This is a series of blogs about my experience of the UCL-Wellcome Mental Health Science PhD programme. It will cover applying for the programme, the interview and lead up to enrolment stage of the programme as well as my experience of the programme and my PhD. I am publishing these blogs for prospective students in response to the queries I have received about the programme in response to my Twitter thread on successfully securing a place on the programme.
Over the last year, all of us have had to drastically alter our lives in some way, whether that be home-schooling your children, working from home, practising extensive social distancing and hygiene in public spaces or staying at home for extended periods of time.
Just days before the first lockdown was announced in March 2020, I had been offered a place on the UCL Wellcome PhD programme in Mental Health Science. Amongst the chaos, with the ever-extending lockdown, it was hard to plan or think about the future not knowing what would unfold over the coming months. I was increasingly anxious as people started losing their jobs facing unemployment without financial support, here I was about to leave a secure job to pursue a PhD. Honestly, I had to question whether it was the right time to take on a PhD and whether I was taking too much of a risk in the circumstances.
As the months followed and I was asked to shield whilst the pandemic picture grew much worse all over the world, my mental health took a rapid decline and my motivation dropped to an all-time low. Not being able to visualise the future and whether I would be able to take on the PhD if I would still be required to shield was causing me a lot of stress. Thankfully, the programme committee reassured me that they would find a way to accommodate the situation whatever it would be come September. Encouragingly, we were able to have a relatively relaxed summer and things seemed to be looking bright leading up to the start date but, quite suddenly, things started to worsen as schools opened in September and universities were set to open campuses for students. Nevertheless, I handed in my notice and began preparing for this new and once-in-a-lifetime venture.
Before the start, we were told by UCL that most teaching and work would be delivered online unless it was absolutely necessary to be on campus (for example, if you needed to be in a lab), as undergraduate students were to be prioritised for on-campus learning until at least January, but we would have the opportunity to meet the rest of the cohort and the committee at the UCL Institute of Cognitive Neuroscience (ICN) for our weekly skills seminar (social distancing regulations in place, of course).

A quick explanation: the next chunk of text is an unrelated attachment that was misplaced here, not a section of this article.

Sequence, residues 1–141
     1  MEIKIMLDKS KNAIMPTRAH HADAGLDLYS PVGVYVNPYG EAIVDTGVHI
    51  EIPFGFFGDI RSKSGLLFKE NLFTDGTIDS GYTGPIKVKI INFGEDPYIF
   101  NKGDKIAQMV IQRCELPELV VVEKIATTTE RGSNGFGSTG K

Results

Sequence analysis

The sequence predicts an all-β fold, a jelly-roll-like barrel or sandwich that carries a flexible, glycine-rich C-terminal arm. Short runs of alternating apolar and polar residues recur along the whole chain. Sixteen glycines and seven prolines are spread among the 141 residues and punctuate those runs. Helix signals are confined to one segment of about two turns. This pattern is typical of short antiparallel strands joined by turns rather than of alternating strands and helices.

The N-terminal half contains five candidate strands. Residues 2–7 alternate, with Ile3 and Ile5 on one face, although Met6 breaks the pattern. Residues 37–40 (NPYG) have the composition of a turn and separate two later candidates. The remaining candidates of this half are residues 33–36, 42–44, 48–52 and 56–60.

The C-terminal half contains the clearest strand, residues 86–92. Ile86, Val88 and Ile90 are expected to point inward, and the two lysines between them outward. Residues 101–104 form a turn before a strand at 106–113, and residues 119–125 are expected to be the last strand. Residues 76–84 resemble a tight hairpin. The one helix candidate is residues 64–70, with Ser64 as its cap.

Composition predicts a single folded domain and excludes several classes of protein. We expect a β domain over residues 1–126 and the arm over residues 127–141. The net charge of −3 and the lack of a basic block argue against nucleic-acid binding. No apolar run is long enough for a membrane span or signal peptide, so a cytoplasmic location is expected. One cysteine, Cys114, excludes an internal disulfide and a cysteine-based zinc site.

Considering all that was happening, it was helpful that we had the month of October to scope out potential rotation projects for the year with potential supervisors on the programme but still have the opportunity to attend a weekly seminar at the ICN. Knowing that most of our studies would be virtual until January (at the earliest), I made the decision to move back to my family home in the Midlands so I could spend time with my grandma and family (plus the bonus of saving money on rent!). I commuted to London for the weekly seminars and lunch with the rest of the cohort. This was short-lived as COVID-19 cases began to rise rapidly and the skills seminars switched to virtual when the November lockdown was announced, just as we started our first rotations. My first rotation was using existing datasets so could all be done virtually but as the rotations are short (10-12 weeks long), most projects were unable to offer data collection opportunities and if they were, these were currently all being done virtually. Essentially, everyone was in the same boat.
Overall, it was daunting starting a PhD in the middle of a global pandemic, especially in the context of giving up a well-paid job when unemployment was rising, but it was a now-or-never decision. I truly felt like I was at the stage in my career to take this on professionally, so it was a risk that was worth taking for me! My former colleagues at McPin were incredibly supportive in helping me navigate this change and gave me the validation I needed that this was something that was right for me. It really helped being able to meet with the rest of the cohort on Zoom and then in person weekly (especially great that we all got on so well). We immediately made a WhatsApp group to keep in touch and also met virtually on Zoom for the skills seminars. In my opinion, the most difficult thing has been working with a lab group that you work with every day but never getting the opportunity to meet with them. You end up in a sort of awkward position of having spent a lengthy amount of time being part of the lab, but there being this barrier of not knowing someone’s persona in real life or fully understanding the lab banter that you have never physically been a part of.